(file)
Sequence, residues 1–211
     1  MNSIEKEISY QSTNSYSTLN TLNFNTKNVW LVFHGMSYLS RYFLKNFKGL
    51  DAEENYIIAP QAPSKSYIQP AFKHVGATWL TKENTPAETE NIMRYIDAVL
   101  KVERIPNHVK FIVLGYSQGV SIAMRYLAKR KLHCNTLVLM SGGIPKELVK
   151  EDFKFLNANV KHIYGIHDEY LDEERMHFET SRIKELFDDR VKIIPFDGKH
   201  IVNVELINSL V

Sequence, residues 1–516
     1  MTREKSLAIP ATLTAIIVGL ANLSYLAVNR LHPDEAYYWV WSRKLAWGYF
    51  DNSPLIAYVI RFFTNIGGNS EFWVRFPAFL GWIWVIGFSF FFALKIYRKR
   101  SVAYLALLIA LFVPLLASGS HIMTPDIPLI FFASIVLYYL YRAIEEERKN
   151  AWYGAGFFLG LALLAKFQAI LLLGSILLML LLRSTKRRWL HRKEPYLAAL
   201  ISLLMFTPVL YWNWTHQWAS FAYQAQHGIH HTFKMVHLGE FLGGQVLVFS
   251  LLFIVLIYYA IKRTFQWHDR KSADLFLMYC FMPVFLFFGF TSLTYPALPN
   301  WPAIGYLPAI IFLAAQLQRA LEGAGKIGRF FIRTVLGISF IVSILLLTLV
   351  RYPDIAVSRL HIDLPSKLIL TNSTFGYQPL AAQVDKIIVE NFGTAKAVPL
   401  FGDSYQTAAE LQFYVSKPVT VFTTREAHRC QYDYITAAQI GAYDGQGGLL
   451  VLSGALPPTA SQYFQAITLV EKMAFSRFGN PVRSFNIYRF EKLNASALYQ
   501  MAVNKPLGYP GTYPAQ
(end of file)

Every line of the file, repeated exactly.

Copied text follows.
Sequence, residues 1–211
     1  MNSIEKEISY QSTNSYSTLN TLNFNTKNVW LVFHGMSYLS RYFLKNFKGL
    51  DAEENYIIAP QAPSKSYIQP AFKHVGATWL TKENTPAETE NIMRYIDAVL
   101  KVERIPNHVK FIVLGYSQGV SIAMRYLAKR KLHCNTLVLM SGGIPKELVK
   151  EDFKFLNANV KHIYGIHDEY LDEERMHFET SRIKELFDDR VKIIPFDGKH
   201  IVNVELINSL V

Sequence, residues 1–516
     1  MTREKSLAIP ATLTAIIVGL ANLSYLAVNR LHPDEAYYWV WSRKLAWGYF
    51  DNSPLIAYVI RFFTNIGGNS EFWVRFPAFL GWIWVIGFSF FFALKIYRKR
   101  SVAYLALLIA LFVPLLASGS HIMTPDIPLI FFASIVLYYL YRAIEEERKN
   151  AWYGAGFFLG LALLAKFQAI LLLGSILLML LLRSTKRRWL HRKEPYLAAL
   201  ISLLMFTPVL YWNWTHQWAS FAYQAQHGIH HTFKMVHLGE FLGGQVLVFS
   251  LLFIVLIYYA IKRTFQWHDR KSADLFLMYC FMPVFLFFGF TSLTYPALPN
   301  WPAIGYLPAI IFLAAQLQRA LEGAGKIGRF FIRTVLGISF IVSILLLTLV
   351  RYPDIAVSRL HIDLPSKLIL TNSTFGYQPL AAQVDKIIVE NFGTAKAVPL
   401  FGDSYQTAAE LQFYVSKPVT VFTTREAHRC QYDYITAAQI GAYDGQGGLL
   451  VLSGALPPTA SQYFQAITLV EKMAFSRFGN PVRSFNIYRF EKLNASALYQ
   501  MAVNKPLGYP GTYPAQ